Hong Kong lawmakers, brokers support bill paving the way for mainland Chinese investors to trade yuan-denominated stocks in city
- Financial Secretary Paul Chan disclosed the plan to introduce a ‘one stock, two currencies’ option in his blog last weekend
- The daily turnover on the southbound link of the Stock Connect averaged US$5.3 billion last year
Hong Kong lawmakers and stockbrokers are firmly behind a proposed government legislation that will allow the city to introduce yuan-denominated stock trading.
“By adding a yuan trading desk option for the Stock Connect, such arrangement has [the benefit] of killing two birds with one stone,” Chan said in his blog. “We have completed preparations for the potential technical challenges that could arise from [from this new arrangement].”
A bill will be submitted to the Legislative Council this year to allow Hong Kong stocks under the Stock Connect scheme to be quoted in both Hong Kong dollars and the yuan for mainland investors to trade, he said. A market maker system which will quote Hong Kong stocks in both currencies will also be established.
Several lawmakers voiced support for the bill.
“The suggestion is in line with the central government’s 14th five-year plan to strengthen Hong Kong as a global offshore yuan business hub,” said Robert Lee Wai-wang, the lawmaker for the financial services sector and CEO of Grand Capital Holdings.
“The bill should be able to get support of the lawmakers, as the introduction of yuan shares can reduce the currency risks faced by mainland investors. It will help encourage more investors to trade in Hong Kong,” said lawmaker Edmund Wong Chun-sek, who represents the accountancy constituency.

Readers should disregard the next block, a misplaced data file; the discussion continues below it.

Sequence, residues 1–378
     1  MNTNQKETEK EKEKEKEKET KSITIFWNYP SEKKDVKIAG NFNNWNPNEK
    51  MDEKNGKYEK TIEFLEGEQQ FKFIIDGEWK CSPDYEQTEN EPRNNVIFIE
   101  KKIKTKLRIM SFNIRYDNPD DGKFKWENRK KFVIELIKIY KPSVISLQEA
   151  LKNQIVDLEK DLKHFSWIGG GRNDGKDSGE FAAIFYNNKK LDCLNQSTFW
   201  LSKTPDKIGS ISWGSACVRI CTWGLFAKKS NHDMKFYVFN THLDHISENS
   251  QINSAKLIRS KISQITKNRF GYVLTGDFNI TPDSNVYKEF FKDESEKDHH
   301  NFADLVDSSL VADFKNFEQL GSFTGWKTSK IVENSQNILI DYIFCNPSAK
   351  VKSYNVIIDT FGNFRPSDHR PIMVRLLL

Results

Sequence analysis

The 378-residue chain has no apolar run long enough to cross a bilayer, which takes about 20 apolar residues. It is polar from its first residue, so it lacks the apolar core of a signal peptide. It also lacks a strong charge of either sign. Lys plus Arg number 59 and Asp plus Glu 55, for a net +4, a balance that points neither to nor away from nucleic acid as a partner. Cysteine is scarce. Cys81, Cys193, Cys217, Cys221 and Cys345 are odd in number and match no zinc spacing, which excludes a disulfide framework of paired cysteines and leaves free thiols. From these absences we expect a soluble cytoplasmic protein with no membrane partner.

Peter Shiu Ka-fai, lawmaker for the wholesale and retail sector, said “allowing yuan shares trading in Hong Kong will add to the attractiveness of the city’s capital market. It will also enhance Hong Kong’s role as an offshore yuan trading centre.”
Currently, mainland investors trading more than 500 Hong Kong stocks through the southbound channel of the Stock Connect know the exact yuan amount they have to pay or receive two days after a trade is executed. The settlement amount is calculated by China’s central securities depository based on the foreign exchange rates provided by banks at the close of market two days after the trade.
By giving investors the option to directly trade Hong Kong stocks quoted in yuan, they will no longer have to bear the risk of the offshore yuan’s spot exchange rate in Hong Kong eating into their returns.
This will also consolidate Hong Kong’s role as an offshore yuan centre, as it would gain another popular asset class that could be traded in the yuan. The average daily trading volume on the southbound link of the Stock Connect was HK$41.7 billion (US$5.3 billion) last year, data from the Hong Kong stock exchange shows.
Yuan-denominated stocks will catalyse the market for the city’s offshore yuan bonds, also called dim sum bonds, which is expected to grow to 70.6 billion yuan by the end of 2022, according to Standard Chartered.
A working group on the new initiative formed by bourse operator Hong Kong Exchanges and Clearing, the Securities and Futures Commission and the HKMA has completed a feasibility study, Chan said in his budget speech in February.
Hong Kong’s de facto central bank is obliged to keep the local currency within the HK$7.75 to HK$7.85 band per US dollar under its linked exchange rate system.
“Having a yuan-denominated stock trading option would certainly expand onshore investors’ access to Hong Kong assets, as their view on the value of the yuan versus the US dollar would adjust as the economic cycle shifts,” Wang said.
The move could lift trading volume on the Hong Kong stock exchange, which has reported a 30 per cent decline in average daily turnover this year to HK$128.15 billion.
“The introduction of yuan shares would help boost market turnover as it would add another choice of currency for mainland investors,” said Tom Chan Pak-lam, chairman of the Hong Kong Institute of Securities Dealers, an industry body.
“Hong Kong needs to continue to diversify its products to attract investors as the turnover has declined this year.”
The introduction of yuan shares trading in Hong Kong will be an important step for the internationalisation of the yuan, according to Louis Tse Ming-kwong, managing director at Wealthy Securities.
“This would also help to strengthen Hong Kong’s role as an international financial centre,” Tse said.